• Okay….right….but he approached them for a job in the first email that he did not end up getting….one with the museum so obviously he was NEVER approached by anyone with any authority in regard to that particular position. Therefore, this retired general approached the con government for jobs. He also asked for a job in the military. Now Emily, given that the emails are proof that he did approach the con government with regard to at least one specific job as apposed to his vague suggestion that he was approached, I would say the written word is far more reliable. Now you can go away.

          • It’s a discussion of jobs over 2 years, back and forth…..and he was probably being approached by other parties and corporations and universities at the same time.

            You would say a lot of things HI…most of them untrue much like your Dear Leader……but Libs are up by 8 points. Sorry.

          • Now you are saying he was approached by “other parties, corporations and universities” as though that is relevant to the fact that he admitted he approached the con government for a job. Then there is the fact that the Libs are up 8 points. Wait, you forgot in your ranting….your kids are going to be the boss of my kids someday…..that one was a humdinger and about as relevant as the other stuff you are spouting on here today.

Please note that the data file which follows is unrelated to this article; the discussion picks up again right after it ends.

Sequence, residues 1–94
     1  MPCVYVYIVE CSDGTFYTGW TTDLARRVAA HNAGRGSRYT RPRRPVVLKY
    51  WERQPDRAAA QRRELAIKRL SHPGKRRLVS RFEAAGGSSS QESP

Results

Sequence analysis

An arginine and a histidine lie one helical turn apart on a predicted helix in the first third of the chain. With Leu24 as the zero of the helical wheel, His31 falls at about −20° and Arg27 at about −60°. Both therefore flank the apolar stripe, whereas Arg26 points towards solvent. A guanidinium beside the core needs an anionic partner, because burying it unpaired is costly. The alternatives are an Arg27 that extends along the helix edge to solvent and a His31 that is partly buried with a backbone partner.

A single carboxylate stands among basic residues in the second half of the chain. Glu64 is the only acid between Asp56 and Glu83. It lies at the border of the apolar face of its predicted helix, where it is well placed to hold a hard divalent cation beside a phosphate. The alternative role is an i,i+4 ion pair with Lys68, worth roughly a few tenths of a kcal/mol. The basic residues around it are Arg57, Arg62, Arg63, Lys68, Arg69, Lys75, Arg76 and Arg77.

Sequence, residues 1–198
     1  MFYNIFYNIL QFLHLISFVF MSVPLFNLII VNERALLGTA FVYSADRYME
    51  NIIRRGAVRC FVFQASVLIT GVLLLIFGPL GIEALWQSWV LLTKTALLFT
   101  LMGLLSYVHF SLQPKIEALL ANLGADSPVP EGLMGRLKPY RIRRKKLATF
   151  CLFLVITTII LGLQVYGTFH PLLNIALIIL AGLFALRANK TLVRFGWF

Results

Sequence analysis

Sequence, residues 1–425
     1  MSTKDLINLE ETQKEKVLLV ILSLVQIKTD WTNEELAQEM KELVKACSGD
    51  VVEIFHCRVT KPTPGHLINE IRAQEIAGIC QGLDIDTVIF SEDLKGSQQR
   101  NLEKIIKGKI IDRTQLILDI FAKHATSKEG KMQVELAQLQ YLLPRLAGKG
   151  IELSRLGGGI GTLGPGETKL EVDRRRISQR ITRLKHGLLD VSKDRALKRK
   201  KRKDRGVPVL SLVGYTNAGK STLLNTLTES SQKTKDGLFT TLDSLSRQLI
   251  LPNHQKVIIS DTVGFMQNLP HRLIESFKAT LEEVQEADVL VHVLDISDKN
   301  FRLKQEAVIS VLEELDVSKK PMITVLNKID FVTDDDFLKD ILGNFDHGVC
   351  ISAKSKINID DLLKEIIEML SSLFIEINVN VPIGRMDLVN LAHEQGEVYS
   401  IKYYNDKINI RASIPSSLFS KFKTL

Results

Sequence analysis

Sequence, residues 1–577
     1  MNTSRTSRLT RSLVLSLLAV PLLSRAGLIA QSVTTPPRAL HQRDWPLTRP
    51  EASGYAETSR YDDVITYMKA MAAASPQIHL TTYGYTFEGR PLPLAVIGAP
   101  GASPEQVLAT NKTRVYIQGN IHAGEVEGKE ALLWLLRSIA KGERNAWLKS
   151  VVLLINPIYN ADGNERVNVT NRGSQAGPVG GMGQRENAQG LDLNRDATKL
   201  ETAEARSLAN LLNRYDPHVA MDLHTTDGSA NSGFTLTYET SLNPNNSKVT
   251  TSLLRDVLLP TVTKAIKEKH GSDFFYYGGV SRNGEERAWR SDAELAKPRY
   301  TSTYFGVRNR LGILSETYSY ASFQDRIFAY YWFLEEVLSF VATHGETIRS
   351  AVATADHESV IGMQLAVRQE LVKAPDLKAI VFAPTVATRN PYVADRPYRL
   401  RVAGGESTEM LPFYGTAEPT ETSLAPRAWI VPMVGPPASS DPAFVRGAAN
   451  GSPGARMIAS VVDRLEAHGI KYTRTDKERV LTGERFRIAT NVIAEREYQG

The emails exist and the Liberals gave them to the newspaper so obviously the retired general gave the emails to the papers. Now the Cons are saying that the retired general approached them about running in one of their ridings for their party. This is the issue that is under contention now. None of us, including you has intimate knowledge of what occurred so perhaps it would best to stop acting like you do and wait for it to play out.

          • The first thing I said was that generals don’t need to look for work…..job offers come in to them. And the second thing I said was a quote from him…..it was over 2 years and back and forth.

            Not having understood any of that you talk about my kids [???] and admit you haven’t seen the polls.

            ‘Confusion’ is your middle name. Always has been.

          • This comment was deleted.

          • Jan can explain what you said to me??

            And honey my ego has never been involved here….it’s an amusement for me. Cheesus….take a Valium

          • LOL yes, even my grandkids can use tech….and yes, your grandkids will call them ‘boss’

            That’s not ego hon, that’s fact.

            The topic here btw is General Leslie

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          • I think you’ve jumped the shark this time. LOL

            Wowie…and only 8 points creates this much foaming!

          • Ah, so the “registered guest” is HI. I knew that scolding felt familiar. Nurse-scold has a very distinctive flavour, doesn’t it, Em?

          • Yeah for some reason she’s posting as a guest now instead of under her HI name….but the style remains the same. LOL

          • The persistence, the confusion, the scolding, the usage of first names to be more familiar, the always being just slightly off-topic. Yep, good call.